Such an atmosphere made us determined about the task which we had to perform. But as it is said no one can predict future, the moment we reached Pathankot and our respective battalion and company commanders had started to work on the strategy for countering Pakistani threat in Punjab sector, the news of ceasefire arrived, which was sponsored by the then superpowers. Few of us were relieved of the mental tension developed before a fight but still there were many who were disappointed for not being able to see action and take revenge of the breach of faith that Pakistan had done.

2nd Lieutenant Baljit Singh and 2nd Lieutenant Jacob share a light moment at Battalion Head Quarter

In the mean time when ceasefire was officially declared, we were able to make up for the lost time. Not only that but we were also provided training on tanks because in case of emergency one has to go even beyond his call of duty. I along with few other officers was explained in detail many aspects of an armored vehicle and we were given an idea about the fire control system of a tank. The tanks on which we were trained consisted mostly of world war-2 tanks like the ‘Sherman’ and ‘Stuart ‘light tanks.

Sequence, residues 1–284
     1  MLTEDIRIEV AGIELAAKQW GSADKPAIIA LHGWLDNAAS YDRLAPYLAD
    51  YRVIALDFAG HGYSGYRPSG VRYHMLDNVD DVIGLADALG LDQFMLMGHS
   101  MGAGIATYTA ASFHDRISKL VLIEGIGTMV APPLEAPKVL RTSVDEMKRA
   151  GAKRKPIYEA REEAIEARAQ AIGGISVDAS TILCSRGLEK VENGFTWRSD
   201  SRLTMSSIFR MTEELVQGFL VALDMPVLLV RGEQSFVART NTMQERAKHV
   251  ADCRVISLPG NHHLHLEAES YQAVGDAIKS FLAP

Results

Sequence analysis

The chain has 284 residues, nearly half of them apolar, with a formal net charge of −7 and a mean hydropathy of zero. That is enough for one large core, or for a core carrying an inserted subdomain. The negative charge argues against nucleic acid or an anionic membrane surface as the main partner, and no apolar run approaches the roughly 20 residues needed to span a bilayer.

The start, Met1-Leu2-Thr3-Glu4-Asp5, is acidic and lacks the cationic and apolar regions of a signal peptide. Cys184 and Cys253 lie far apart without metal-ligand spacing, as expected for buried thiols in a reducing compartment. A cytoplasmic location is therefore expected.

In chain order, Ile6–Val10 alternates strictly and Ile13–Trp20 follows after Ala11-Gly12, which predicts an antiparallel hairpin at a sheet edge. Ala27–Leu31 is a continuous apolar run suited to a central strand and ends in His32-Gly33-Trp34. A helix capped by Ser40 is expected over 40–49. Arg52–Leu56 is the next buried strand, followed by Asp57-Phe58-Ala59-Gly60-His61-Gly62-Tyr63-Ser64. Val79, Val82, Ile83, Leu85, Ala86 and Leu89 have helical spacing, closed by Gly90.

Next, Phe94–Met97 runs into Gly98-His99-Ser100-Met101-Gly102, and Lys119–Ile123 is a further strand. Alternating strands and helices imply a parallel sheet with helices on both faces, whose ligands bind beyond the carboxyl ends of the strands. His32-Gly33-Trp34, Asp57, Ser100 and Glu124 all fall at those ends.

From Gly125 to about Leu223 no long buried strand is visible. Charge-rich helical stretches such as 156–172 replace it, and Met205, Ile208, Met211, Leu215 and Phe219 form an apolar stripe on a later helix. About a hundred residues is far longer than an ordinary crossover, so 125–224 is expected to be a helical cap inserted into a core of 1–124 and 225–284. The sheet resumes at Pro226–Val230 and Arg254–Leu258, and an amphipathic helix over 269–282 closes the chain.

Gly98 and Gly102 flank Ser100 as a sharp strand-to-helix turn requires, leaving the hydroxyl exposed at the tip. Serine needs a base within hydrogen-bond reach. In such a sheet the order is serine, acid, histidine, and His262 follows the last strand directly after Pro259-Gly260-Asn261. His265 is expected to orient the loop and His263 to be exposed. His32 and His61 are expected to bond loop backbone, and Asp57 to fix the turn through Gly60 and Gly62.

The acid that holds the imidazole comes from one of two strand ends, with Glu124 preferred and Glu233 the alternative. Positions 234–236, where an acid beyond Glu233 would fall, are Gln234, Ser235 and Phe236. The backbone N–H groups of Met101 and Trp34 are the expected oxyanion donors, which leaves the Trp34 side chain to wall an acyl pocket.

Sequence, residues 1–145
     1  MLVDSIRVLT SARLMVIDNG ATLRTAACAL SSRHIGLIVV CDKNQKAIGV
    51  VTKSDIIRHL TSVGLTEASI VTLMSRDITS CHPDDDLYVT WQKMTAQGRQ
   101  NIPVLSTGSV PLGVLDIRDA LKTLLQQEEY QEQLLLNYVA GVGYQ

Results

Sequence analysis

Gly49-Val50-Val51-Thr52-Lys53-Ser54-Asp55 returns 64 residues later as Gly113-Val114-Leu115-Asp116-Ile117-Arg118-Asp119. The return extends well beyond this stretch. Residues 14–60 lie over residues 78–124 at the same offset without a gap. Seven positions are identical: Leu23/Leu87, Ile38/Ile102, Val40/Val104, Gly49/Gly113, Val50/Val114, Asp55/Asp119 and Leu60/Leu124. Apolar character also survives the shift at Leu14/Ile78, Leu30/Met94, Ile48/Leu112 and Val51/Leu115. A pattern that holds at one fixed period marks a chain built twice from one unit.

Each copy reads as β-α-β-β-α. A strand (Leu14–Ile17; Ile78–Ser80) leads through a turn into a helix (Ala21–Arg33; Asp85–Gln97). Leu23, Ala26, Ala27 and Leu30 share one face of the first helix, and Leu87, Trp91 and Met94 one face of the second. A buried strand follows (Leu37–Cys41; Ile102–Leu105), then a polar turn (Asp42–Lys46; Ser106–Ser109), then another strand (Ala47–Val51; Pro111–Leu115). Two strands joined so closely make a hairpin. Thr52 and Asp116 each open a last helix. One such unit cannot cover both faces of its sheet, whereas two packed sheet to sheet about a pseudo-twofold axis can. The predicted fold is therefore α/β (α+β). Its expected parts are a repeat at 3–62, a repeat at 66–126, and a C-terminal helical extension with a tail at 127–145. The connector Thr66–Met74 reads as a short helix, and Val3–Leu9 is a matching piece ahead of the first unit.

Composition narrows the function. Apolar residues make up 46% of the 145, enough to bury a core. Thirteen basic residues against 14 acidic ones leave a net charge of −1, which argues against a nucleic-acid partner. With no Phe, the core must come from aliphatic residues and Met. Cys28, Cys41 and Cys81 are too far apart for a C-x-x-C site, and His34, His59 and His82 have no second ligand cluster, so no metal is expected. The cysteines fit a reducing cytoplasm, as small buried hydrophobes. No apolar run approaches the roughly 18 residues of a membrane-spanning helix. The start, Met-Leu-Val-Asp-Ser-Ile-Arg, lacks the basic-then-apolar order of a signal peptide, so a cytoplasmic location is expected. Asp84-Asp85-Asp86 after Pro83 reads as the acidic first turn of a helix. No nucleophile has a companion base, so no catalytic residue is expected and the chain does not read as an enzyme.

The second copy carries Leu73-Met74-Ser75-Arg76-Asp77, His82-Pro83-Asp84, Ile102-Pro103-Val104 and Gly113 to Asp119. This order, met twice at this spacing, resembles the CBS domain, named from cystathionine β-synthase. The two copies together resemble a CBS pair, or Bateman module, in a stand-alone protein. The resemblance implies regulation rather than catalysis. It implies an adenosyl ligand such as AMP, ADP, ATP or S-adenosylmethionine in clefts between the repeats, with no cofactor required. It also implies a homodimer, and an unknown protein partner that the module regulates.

Staying for about a month at Pathankot the brigade was finally moved back to Dharchula. Few of the officers even went on a short leave straight from Pathankot, when the order to pull back was received. II | Date : 22 Apr , 2013

2nd Lieutenant Srinivas and 2nd Lieutenant Baljit Singh at Battalion Head Quarter


After we fell back to Dharchula from Pathankot and assumed our duties, the whole of July and first week of August had passed away. Many of us continued to think over and over about the skirmish which had taken place with Pakistan. There were a few who thought that it was better to sought out matters with Pakistan for once and for all rather than getting involved in the proxy war game that Pakistan was playing with us.

May be the almighty listened to our anguish and had blessed us when in the last week of August, we received a message regarding the re-mobilization of the entire brigade once again towards Punjab, to counter the threat of growing Pakistani infiltration near ‘Akhnoor’. It appeared as if we were being refueled by the enthusiasm to fight, after hearing the news.

…the need of better transport became a hurdle since there were hardly any heavy transport vehicles available during those days. But somehow we were able to reach Ambala as per schedule.